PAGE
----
I've used G-Jo No. 13 numerous times to relieve headaches and other head problems. In fact, it once saved me a visit to the emergency room: In 1974—while I was working on one of the chicken coops at my organic egg farm in southern Florida—a 100-pound steel ladder fell on my face, making a deep slice in the tip of my nose and cutting into my upper gum as well. The pain was intense, and I almost passed out.
However, I grabbed for my left hand's pressure point and goaded it as deeply as I could . . . then I did the same on the other hand and held both points for almost a minute. The pain was immediately eased, and even the bleeding stopped! When the symptoms returned a few minutes later, I simply restimulated both points and got the same relief.
In all, I pressed No. 13 about two dozen times the first day ... a few times less often the second day ... and even less the third. After that I no longer needed the "treatment". I didn't see a doctor, get stitches, or use any drugs or medicine ... yet the wounds healed quickly, cleanly, and with minimal scarring. While I don't recommend such self-treatment to anyone but a master of the G-Jo art, the incident convinced me that—if necessary—I could handle even relatively severe physical injuries ... and it was a major turning point in my life.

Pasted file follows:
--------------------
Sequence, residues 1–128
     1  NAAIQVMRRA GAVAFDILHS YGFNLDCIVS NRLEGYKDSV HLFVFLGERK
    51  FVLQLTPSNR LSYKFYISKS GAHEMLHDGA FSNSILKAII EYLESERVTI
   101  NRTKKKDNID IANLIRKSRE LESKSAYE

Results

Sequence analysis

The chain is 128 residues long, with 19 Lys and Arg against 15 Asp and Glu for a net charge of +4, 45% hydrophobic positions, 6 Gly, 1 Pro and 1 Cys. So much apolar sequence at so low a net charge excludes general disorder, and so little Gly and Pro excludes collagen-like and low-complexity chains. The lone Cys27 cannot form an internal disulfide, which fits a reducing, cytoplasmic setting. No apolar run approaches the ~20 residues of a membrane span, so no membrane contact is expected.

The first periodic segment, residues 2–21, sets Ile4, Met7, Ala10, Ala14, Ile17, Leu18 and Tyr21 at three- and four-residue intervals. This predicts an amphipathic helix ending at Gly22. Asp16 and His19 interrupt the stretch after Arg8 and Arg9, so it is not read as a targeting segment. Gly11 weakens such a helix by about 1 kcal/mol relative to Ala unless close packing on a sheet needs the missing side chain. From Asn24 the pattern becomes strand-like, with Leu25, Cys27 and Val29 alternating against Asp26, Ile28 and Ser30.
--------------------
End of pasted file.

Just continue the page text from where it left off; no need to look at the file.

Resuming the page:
The second major pressure point—G-Jo No. 4—can be found approximately two inches (about the width of two thumbs) above the most prominent crease of your wrist on the upper side (lateral aspect) of the forearm ... in line with the middle finger. It's found in a protected hollow (as are many important G-Jo points) between the lower arm bones (the radius and ulna). If you can't generate enough pressure with the tip of your thumb, use the knuckle of your index finger to probe for the point.
G-Jo No. 4 has major control over the hand, arm, and shoulder. Gail, my partner, has also applied it to relieve burns and scalds. And since she suffers from "sugar allergy" (hypoglycemia, or low blood sugar), she employs this point (as well as others) to quickly control any negative emotional and physical effects that occur from accidentally eating the wrong foods. G-Jo No. 4 is also very effective in alleviating the pain of tennis elbow and tension in the neck and shoulders.